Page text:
Also what is a common misconception and does not work: a secops/network engineer going straight into security with no evidence of interest in other areas. ‘Secops’ is not good preparation for a security career, mainly because secops is sort of purgatory. Just as “there is no Dana, only Zool“, so “there is no secops, only ops”. There is only a security element to these roles because the role covers operational processes with security products. That is anti-security.

All Analyst roles should have an element of penetration testing and appsec, and when I say penetration testing, i do mean unrestricted testing as in an actual simulation. That means no restrictions on exploit usage or source address – because attackers do not have such restrictions. Why spend on this type of testing if its not an actual simulation?

Usage of Cisco Discovery Protocol (CDP) offers a good example of how a lack of penetration testing experience can impede a security team. If security is being done even marginally professionally in an organisation, there will exist a security standard for Cisco network devices that mandates the disabling of CDP.  But once asked to disable CDP, network ops teams will want justification. Any experienced penetration tester knows the value of intelligence in expediting the attack effort and CDP is a relative gold mine of intelligence that is blasted multicast around networks. It can, and often does, reveal the identity and IP address of a core switch. But without the testing experience or knowledge of how attacks actually go down, the point will be lost, and the confidence missing from the advisory.

The points i’ve just covered are not actually ground-breaking at all. Analysts with a good core background of IT and network security can easily move into any new area that marketeers can dream up.

There is an intuition that Information Security has a connection with Information Technology, if only for the common word in them both (that was ‘Information’ by the way, in case you didn’t get it). However, as Upton Sinclair said “It is difficult to get a man to understand something, when his salary depends upon his not understanding it”.

And please don’t create specialisations for Big Data or Internet of Things…woops, too late.

So, consider a small team of enthusiastic, flexible, fast learners, rather than a large team of people who can be trained at a high cost to understand the UI of an application that was designed in the international language and to be intuitive and easy to learn.

Consider using one person to change a light bulb, and don’t be the butt of future jokes.

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Information Security Pseudo-skills and the Power of 6

How many Security Analysts does it take to change a light bulb? The answer should be one but it seems organisations are insistent on spending huge amounts of money on armies of Analysts with very niche “skills”, as opposed to 6 (yes, 6!) Analysts with certain core skills groups whose abilities complement each other. Banks and telcos with 300 security professionals could reduce that number to 6.

Let me ask you something: is Symantec Control Compliance Suite (CCS) a “skill” or a product or both? Is Vulnerability Management a skill? Its certainly not a product. Is HP Tippingpoint IPS a product or a skill?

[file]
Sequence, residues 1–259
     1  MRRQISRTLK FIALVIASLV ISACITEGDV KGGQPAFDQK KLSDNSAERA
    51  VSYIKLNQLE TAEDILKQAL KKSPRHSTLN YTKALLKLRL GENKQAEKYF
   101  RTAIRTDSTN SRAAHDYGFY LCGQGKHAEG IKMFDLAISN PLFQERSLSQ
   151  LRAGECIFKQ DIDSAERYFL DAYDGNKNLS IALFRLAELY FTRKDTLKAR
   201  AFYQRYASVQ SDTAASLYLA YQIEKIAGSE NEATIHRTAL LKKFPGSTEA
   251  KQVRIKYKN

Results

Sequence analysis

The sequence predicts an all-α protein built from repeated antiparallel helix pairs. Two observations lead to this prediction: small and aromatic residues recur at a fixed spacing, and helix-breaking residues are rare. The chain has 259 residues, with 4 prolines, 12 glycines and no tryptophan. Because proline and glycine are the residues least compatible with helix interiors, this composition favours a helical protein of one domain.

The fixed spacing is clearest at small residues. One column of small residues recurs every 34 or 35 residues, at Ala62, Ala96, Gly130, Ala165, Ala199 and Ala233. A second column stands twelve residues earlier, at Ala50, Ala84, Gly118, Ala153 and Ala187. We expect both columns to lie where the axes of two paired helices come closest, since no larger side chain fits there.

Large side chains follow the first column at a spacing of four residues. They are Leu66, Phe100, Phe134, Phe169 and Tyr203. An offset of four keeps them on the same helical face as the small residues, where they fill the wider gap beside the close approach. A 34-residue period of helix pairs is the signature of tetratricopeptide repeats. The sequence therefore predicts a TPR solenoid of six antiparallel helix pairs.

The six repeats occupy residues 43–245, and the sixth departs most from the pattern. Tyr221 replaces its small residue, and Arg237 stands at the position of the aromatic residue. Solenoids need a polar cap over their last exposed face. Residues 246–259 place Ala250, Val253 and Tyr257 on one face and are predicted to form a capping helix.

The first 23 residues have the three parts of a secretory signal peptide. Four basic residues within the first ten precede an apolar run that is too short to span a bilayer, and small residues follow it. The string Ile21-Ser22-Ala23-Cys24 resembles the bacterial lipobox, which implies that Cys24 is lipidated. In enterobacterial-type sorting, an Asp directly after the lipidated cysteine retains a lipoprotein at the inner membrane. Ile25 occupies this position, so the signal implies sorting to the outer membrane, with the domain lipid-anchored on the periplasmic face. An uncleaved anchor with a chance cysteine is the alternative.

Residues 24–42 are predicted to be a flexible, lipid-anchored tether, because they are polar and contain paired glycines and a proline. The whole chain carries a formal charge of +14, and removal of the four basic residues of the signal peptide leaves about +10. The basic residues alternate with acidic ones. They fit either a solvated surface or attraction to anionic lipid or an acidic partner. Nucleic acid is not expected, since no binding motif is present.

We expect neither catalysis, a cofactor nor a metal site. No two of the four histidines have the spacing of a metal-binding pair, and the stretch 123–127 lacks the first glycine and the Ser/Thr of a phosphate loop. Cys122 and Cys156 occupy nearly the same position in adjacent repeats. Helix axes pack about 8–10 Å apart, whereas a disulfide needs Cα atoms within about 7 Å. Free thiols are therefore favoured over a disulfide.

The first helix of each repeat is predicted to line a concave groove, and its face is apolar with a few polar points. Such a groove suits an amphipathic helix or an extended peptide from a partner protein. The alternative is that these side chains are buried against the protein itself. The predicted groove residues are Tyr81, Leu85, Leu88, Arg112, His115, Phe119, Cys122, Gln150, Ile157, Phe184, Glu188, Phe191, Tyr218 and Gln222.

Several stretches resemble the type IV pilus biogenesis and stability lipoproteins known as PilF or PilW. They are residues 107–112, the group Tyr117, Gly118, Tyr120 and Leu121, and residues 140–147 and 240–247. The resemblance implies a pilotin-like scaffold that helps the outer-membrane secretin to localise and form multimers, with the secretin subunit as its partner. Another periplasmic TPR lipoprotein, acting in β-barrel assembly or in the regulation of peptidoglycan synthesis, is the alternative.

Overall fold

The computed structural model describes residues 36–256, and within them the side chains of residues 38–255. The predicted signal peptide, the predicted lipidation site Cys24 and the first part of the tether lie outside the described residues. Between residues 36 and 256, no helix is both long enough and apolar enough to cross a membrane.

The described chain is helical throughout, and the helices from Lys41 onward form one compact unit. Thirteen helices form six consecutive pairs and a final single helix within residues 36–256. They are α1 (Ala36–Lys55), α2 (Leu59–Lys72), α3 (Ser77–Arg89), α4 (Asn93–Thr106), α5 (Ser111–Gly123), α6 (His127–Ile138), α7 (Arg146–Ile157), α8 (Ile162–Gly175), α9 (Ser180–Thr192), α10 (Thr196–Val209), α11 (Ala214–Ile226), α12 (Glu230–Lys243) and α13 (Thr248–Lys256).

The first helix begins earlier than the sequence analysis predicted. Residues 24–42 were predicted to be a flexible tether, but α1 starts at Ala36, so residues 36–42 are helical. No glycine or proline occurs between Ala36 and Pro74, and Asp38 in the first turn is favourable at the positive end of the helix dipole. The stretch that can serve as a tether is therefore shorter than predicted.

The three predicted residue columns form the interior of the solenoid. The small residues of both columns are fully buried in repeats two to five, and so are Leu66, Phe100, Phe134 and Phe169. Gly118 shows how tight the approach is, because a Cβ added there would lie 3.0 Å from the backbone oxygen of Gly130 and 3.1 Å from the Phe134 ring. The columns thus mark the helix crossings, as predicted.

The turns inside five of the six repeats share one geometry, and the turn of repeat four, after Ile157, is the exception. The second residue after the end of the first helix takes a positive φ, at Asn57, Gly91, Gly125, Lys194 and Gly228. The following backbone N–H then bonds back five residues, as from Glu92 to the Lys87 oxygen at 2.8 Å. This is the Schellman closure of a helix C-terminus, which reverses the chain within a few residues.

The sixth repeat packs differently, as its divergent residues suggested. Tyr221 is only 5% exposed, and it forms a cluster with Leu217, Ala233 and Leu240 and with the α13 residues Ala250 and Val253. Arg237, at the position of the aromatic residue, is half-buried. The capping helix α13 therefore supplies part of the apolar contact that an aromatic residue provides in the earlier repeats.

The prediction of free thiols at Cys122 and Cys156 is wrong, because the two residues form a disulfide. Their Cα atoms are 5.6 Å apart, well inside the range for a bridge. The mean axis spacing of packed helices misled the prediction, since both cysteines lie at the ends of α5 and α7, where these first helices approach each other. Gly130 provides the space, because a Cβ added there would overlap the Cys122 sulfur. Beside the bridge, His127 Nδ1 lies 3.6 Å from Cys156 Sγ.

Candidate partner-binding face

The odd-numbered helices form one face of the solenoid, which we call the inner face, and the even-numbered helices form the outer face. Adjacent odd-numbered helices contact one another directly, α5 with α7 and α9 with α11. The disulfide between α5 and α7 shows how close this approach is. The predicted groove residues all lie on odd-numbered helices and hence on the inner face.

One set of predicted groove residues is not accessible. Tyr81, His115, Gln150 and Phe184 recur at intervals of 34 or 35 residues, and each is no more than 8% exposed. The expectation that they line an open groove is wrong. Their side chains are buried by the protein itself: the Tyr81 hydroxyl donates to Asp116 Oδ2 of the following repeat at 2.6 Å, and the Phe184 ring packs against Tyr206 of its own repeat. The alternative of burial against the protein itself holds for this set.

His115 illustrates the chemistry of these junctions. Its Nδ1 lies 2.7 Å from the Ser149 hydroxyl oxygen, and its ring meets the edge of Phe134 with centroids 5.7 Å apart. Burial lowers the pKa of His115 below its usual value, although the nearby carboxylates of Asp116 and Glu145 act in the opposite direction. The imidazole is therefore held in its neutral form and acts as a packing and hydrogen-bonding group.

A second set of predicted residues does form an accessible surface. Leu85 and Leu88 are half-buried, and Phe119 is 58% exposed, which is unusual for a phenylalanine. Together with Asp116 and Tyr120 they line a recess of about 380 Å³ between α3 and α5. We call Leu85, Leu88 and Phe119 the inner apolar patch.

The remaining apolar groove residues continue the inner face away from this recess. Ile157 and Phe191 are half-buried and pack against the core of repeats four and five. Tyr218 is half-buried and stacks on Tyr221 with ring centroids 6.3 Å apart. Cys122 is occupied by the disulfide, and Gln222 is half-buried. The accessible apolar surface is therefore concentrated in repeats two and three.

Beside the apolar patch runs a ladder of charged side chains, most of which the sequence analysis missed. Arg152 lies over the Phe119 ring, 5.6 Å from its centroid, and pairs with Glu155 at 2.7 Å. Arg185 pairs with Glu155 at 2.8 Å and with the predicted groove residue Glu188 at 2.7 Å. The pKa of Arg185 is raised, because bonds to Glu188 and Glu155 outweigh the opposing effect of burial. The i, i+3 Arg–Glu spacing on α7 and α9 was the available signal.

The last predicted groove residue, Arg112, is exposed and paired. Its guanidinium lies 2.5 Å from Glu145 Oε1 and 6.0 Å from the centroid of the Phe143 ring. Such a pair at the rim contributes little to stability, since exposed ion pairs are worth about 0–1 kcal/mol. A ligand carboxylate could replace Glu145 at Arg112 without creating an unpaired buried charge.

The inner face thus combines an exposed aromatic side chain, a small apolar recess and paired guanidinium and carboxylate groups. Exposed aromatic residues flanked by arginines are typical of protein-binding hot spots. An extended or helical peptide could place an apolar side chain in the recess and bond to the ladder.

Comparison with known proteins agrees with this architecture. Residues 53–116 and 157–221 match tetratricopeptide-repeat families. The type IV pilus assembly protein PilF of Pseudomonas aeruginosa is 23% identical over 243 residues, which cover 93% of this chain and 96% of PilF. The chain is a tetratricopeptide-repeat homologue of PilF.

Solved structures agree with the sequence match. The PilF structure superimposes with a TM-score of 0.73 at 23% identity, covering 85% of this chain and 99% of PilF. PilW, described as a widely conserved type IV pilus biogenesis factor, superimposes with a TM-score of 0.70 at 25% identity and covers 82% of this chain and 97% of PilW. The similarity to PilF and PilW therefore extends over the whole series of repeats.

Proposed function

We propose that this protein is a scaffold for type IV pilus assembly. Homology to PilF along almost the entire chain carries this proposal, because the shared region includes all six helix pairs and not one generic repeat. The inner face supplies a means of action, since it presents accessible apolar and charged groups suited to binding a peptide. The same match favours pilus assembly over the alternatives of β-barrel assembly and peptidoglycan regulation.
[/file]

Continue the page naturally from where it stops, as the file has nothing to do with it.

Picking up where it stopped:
Is McAfee Vulnerability Manager 7.5 a skill whereas the previous version is another skill? So if a person has experience with 7.5, they are not qualified to apply for a shop where the previous version is used? Ok this is taking it to the extreme, but i dare say there have been cases where this analogy is applicable.

How long does it take a person to get “skilled up” with HP Arcsight SIEM? I was told by a respected professional who runs his own practice that the answer is 6 months. My immediate thought is not printable here. Sorry – 6 months is ridiculous.

So let me ask again, is Symantec CCS a skill? No – its a product. Its not a skill. If you take a person who has experience in operational/technical Vulnerability Management – you know, vulnerability assessment followed by the treatment of risk, then they will laugh at the idea that CCS is a skill. Its only a skill to someone who has never seen a command shell before, tested manually for a false positive, or taken part in an unrestricted manual network penetration test.

Being a software product from a major vendor means the GUI has been designed to make the software intuitive to use. I know that in vulnerability assessment, i need to supply the tool with IP addresses of targets and i need to tell the tool which tests I want to run against those targets. Maybe the area where I supply the addresses of targets is the tab which has “targets” written on it? And I don’t want to configure the same test every time I run it, maybe this “templates” tab might be able to help me? Do i need a $4000 2-week training course and a nice certificate to prove to the world that I can work effectively with such a product? Or should there be an effective accreditation program which certifies core competencies (including evidence of the ability to adapt fast to new tools) in security? I think the answer is clear.

A product such as a Vulnerability Management product is only a “Window” to a Vulnerability Management solution. Its only a GUI. It has been tailored to be intuitive to use. Its the thin layer on top of the Vulnerability Management solution. The solution itself is much bigger than this. The product only generates list of vulnerabilities. Its how the organisation treats those vulnerabilities that is key – and the product does not help too much with the bigger picture.